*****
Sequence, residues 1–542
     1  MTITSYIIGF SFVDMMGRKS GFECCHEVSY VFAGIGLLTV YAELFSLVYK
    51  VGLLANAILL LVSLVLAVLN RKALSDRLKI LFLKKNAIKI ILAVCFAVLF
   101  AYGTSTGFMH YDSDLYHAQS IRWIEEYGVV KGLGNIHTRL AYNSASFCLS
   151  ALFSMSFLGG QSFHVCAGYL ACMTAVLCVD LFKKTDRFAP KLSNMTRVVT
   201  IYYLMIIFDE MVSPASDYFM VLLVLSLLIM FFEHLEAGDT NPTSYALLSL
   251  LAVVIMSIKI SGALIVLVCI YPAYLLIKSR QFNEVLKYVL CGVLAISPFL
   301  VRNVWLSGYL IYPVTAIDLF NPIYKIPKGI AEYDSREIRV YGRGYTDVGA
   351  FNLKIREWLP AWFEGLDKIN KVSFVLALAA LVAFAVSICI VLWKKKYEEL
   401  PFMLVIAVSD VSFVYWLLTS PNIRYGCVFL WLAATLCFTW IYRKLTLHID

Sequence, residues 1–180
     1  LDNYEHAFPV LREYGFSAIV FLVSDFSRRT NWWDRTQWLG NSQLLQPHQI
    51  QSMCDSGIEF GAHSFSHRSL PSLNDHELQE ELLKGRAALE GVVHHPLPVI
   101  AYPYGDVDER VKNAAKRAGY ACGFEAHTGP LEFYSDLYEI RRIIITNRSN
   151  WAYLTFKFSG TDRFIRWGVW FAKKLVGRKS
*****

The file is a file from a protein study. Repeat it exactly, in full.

Sequence, residues 1–542
     1  MTITSYIIGF SFVDMMGRKS GFECCHEVSY VFAGIGLLTV YAELFSLVYK
    51  VGLLANAILL LVSLVLAVLN RKALSDRLKI LFLKKNAIKI ILAVCFAVLF
   101  AYGTSTGFMH YDSDLYHAQS IRWIEEYGVV KGLGNIHTRL AYNSASFCLS
   151  ALFSMSFLGG QSFHVCAGYL ACMTAVLCVD LFKKTDRFAP KLSNMTRVVT
   201  IYYLMIIFDE MVSPASDYFM VLLVLSLLIM FFEHLEAGDT NPTSYALLSL
   251  LAVVIMSIKI SGALIVLVCI YPAYLLIKSR QFNEVLKYVL CGVLAISPFL
   301  VRNVWLSGYL IYPVTAIDLF NPIYKIPKGI AEYDSREIRV YGRGYTDVGA
   351  FNLKIREWLP AWFEGLDKIN KVSFVLALAA LVAFAVSICI VLWKKKYEEL
   401  PFMLVIAVSD VSFVYWLLTS PNIRYGCVFL WLAATLCFTW IYRKLTLHID

Sequence, residues 1–180
     1  LDNYEHAFPV LREYGFSAIV FLVSDFSRRT NWWDRTQWLG NSQLLQPHQI
    51  QSMCDSGIEF GAHSFSHRSL PSLNDHELQE ELLKGRAALE GVVHHPLPVI
   101  AYPYGDVDER VKNAAKRAGY ACGFEAHTGP LEFYSDLYEI RRIIITNRSN
   151  WAYLTFKFSG TDRFIRWGVW FAKKLVGRKS